When I write my stories for adults, I don't really have any interest in writing anything that doesn't have some sort of genre twist, be it horror/paranormal/fantasy/science fiction/or whatnot. You get the idea. I don't like to read straight literary or contemporary work (there are exceptions, of course, but usually not), so therefore I don't like to write stories in non-genre categories. It just doesn't interest me.
I'm finding, however, that when I right for kids, I have no problem leaving out the fantastical element. Depending on the age group--usually the very young--normal everyday things can have the air of the fantastic. A simple story about hats can be a fun thing for me to write--which just so happens to be what I'm working on now. I've sent out two children stories to publishers so far, and one is a picture book/young reader about a brother and sister on a fun treasure hunt that their mother designed, and the other is a very short story about a child looking in a mirror. Neither have my normal genre twists, yet both were quite fun for me to write.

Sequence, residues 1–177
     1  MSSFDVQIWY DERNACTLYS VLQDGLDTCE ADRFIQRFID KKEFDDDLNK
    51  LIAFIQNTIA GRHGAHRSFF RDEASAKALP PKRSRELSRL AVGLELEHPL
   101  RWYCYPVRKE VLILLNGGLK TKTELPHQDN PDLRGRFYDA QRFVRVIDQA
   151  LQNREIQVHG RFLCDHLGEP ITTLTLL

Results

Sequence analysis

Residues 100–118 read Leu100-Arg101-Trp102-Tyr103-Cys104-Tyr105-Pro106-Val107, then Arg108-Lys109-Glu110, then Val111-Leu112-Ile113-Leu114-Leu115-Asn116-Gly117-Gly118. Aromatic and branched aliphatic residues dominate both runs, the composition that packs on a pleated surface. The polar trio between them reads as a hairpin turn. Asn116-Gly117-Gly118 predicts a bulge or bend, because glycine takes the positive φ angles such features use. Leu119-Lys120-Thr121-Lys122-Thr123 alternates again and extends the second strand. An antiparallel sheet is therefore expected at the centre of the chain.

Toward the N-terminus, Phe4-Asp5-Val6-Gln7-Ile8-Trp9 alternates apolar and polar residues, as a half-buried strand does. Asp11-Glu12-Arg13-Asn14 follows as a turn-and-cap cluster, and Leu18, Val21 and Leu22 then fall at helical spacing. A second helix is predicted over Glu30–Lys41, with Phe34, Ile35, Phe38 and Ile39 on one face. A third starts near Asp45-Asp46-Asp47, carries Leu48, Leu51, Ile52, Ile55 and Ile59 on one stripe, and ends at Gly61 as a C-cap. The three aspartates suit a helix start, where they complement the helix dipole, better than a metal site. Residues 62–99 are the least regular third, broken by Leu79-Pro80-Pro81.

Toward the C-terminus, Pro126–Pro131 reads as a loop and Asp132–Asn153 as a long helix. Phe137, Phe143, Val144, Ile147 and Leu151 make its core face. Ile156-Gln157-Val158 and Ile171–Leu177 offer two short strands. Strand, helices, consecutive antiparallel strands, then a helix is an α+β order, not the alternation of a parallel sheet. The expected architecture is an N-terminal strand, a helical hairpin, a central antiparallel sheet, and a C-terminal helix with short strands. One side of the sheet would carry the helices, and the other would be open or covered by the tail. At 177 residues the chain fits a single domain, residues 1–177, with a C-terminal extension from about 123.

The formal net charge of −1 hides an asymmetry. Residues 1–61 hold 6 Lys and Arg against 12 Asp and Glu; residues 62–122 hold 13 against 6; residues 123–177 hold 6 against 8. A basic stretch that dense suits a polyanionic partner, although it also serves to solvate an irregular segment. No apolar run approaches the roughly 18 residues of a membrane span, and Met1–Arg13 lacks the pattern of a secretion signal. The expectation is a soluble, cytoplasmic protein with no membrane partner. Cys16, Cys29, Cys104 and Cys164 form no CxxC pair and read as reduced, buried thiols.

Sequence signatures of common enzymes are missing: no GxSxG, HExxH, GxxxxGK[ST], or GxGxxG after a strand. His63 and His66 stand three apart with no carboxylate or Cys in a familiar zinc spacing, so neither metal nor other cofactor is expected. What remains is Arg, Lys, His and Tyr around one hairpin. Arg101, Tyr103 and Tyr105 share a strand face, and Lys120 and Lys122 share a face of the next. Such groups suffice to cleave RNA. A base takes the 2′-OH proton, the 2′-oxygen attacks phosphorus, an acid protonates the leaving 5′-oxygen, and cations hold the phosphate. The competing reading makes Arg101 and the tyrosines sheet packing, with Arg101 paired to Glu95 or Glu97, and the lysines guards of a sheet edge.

I'm finding that for older children, my genre preference is still shining through. I'm working on a middle grade novel that has plenty of paranormal activity and elements of the fantastic. It's a blast to write. It's much different from the genre stuff I can write for adults because I really have to censor my word usage/visual images. Don't want blood and guts to be flowing all over the place in a story for 10 year olds, while that would be fine in a book for adults. It's a nice new challenge for me.
So I guess the point of my post today is to try something new when you're writing. It'll free up your mind in ways that will create fun new challenges for you. Until next time, keep reading and/or writing.